Navigating the New Normal
I have been privileged enough to study abroad twice and each time I decided to give the old Student Health Centre a try and more specifically, the Coounselling Centre of the two respective institutions. Both times, I only visited the Counselling Centre and both times, I was told that if I was unable to handle the situation on my or by using the resources available at that Centre, referral would be made, in my name to be utilized in a bigger public hospital. Well, of course, I sat through that particular session, for I was told the alternative at the beginning of the session and left, rather ceremoniously, to be left to my own devices.
The point of such an anecdote is to show how the foundation of a stigma is initially laid. Therefore, I can understand when people are worried to voice their wants with regards to certain kinds of professional care with stigma arising within the health care institution.
While my own visits to the Counselling Centre were motivated by a feeling of loneliness and to which I decided to overcome by some hand-picked, campus-organized events to socialize at.
There needs to be an understanding in an ever evolving world with the looking influence of Internet of Things, the basic needs such as companionship are still sought and sometimes it is appropriate to consider and soain in some good old fashioned company first.
However, the bigger point that I am trying to make is that an increasingly inter-dependent world that has seen the on-going process of globalization, stigmatization is itself a form of putting up boundaries and distancing oneself, which is the very opposite of what globalization entails. Furthermore, as demographic transition occurs and as the so-called developing countries see societal changes, there is a need to realize that along with adapting, evolving and changing, there is a need to allow each citizen to choose the aspects that will be adopted.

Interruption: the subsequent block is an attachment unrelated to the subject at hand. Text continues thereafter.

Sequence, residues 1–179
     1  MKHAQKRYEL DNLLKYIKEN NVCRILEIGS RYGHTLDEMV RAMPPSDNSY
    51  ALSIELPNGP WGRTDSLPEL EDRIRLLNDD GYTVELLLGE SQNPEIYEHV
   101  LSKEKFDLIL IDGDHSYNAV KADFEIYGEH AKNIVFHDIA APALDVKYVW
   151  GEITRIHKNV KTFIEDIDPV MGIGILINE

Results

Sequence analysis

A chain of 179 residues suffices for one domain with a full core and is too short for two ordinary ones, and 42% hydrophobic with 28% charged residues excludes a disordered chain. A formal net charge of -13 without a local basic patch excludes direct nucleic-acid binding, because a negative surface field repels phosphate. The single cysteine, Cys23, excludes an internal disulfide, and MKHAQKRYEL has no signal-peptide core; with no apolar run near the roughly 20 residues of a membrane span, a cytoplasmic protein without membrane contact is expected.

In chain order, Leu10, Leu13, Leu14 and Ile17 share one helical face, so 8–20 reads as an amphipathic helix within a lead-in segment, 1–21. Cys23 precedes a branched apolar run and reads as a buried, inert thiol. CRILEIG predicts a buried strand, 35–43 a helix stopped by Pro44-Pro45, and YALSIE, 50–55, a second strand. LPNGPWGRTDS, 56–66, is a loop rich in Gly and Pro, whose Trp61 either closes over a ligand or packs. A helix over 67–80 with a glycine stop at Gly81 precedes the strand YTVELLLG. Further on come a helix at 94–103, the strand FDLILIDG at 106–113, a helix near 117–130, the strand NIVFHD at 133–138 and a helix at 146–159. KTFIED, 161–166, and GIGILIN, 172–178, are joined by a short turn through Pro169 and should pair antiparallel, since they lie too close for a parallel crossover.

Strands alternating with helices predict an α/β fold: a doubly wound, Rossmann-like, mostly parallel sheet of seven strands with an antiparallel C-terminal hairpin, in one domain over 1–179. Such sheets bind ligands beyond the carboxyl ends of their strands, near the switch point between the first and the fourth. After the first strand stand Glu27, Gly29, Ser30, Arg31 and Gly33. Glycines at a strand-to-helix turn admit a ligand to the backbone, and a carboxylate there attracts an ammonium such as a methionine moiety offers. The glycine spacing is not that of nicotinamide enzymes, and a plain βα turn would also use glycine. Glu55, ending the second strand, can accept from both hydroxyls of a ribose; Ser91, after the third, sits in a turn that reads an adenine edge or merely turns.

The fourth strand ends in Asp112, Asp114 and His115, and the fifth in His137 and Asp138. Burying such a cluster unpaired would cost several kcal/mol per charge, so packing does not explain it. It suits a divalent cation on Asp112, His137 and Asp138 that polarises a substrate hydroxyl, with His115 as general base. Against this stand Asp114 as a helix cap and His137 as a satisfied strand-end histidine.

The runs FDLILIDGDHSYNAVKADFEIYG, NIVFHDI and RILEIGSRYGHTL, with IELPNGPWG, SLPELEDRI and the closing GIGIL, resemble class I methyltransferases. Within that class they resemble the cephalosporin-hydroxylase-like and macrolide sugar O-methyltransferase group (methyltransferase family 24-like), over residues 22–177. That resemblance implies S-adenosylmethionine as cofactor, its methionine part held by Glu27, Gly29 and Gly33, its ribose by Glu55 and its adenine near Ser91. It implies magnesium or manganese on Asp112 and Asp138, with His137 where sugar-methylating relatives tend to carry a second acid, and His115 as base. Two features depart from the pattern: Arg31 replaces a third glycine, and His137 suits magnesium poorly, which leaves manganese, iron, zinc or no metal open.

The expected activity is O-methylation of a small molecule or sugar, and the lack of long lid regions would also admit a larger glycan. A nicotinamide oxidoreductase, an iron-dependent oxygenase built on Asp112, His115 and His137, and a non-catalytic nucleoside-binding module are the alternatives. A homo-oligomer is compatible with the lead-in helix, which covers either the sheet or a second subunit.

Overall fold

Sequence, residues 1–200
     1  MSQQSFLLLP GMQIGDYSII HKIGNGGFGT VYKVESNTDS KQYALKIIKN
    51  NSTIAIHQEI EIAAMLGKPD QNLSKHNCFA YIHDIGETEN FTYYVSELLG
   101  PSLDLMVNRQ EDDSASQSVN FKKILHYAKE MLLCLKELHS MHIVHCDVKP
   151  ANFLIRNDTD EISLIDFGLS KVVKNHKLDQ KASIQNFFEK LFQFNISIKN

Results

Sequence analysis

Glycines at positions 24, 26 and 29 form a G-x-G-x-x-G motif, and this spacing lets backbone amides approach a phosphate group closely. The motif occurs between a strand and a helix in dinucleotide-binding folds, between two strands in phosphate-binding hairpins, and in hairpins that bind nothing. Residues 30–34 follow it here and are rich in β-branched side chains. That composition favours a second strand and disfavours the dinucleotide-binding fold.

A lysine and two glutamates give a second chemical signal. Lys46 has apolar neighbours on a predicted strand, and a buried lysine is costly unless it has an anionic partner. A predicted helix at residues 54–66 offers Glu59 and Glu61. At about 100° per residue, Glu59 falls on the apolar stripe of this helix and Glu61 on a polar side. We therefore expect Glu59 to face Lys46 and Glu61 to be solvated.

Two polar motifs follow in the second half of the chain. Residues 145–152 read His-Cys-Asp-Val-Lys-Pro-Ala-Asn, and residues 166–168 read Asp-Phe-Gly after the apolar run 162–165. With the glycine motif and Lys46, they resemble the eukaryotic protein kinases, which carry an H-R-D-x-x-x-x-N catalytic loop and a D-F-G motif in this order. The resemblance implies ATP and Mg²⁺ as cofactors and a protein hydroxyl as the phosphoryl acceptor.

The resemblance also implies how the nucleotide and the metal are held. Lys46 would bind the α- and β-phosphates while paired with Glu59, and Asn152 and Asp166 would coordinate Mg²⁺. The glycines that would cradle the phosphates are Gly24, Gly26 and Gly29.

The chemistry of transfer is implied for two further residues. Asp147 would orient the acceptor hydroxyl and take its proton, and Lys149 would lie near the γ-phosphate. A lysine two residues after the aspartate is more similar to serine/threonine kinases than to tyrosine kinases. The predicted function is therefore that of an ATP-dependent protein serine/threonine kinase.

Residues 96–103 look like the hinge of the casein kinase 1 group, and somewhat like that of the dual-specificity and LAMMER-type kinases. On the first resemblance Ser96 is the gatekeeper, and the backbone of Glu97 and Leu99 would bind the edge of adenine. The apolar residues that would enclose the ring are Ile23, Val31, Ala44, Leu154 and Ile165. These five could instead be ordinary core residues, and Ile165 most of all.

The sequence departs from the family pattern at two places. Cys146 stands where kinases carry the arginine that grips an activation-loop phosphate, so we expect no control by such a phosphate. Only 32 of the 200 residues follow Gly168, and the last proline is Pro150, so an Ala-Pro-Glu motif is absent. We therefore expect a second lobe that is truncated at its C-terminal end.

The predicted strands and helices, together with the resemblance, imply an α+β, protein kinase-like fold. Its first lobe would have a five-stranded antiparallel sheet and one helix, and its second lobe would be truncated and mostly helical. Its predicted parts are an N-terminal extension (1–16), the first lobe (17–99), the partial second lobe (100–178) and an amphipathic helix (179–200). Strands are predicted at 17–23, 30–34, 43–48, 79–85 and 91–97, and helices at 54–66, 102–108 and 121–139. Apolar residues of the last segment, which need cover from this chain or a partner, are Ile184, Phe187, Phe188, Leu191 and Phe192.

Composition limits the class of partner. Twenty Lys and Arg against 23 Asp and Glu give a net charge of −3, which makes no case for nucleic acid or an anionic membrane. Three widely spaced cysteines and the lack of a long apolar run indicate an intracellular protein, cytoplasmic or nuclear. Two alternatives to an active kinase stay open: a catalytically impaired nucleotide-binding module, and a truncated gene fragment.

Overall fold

It should also be noted that one of the impacts of globalization in developing countries could very well be the same health burdens that are seen in more developed countries. The question that arises is whether the institutionalized health care system is able to cope with such health burdens over and above the health burdens that it already faces. Furthermore, focusing on the emulation of the economic trajectory of the more developed countries means that many of the so-called developing countries are also left to deal with the underlying resuts of such emulation. More specifically, the emulation in the economic sphere is also accompanied by changes in the social and cultural trajectories of such countries. Therefore, there is a need for serious consideration of the values that worked in the past for the developing countries such as giving the institutions of marriage and family a place as the effects of increasing globalization and economic growth are reconciled. Both the institutions of marriage and family are also continously evolving in the developed countries but their counterparts, albeit with modifications are still being embraced.
In a country such as India, especially in the urban areas, there is increased acceptance of the fact that women are working professionals with careers and a fixed routine that involves going to work everyday. However, these very same women must actively consider whether they are happy to live without the support system and the special kind of satisfaction that is ideally accompanied by marriage. In fact, nowadays, there is an increasing stigma against women who don’t work, for example as working and having a career is the new normal. However, at the same time, many social norms still exist, for exaample many men still want to marry women in their prime, in terms of age and child-bearing ability. Such clashes between established social norms and the on-going sweeping societal changes such as in the form of women working is creating a new form of stigmatization and cultural tension. Furthermore, one must begin to question whether cultural appropriation is supposed to be decided by the forces of globalization or ourselves as we figure out how best to balance the continuum between mind, body and soul.
Such a topic of Cultural Studies, especially as viewed in the context of globalization, is one that is close to my heart. Furthermore, for a person exposed to the literature on happiness as well as the literature on feminism, the world that I live in nowadays is one that prefers me to be "Another brick in the wall,” so to speak but I am beginning to place my own health first and seriously attempting to apply my education and exposure abroad, as after all application is one major component of education.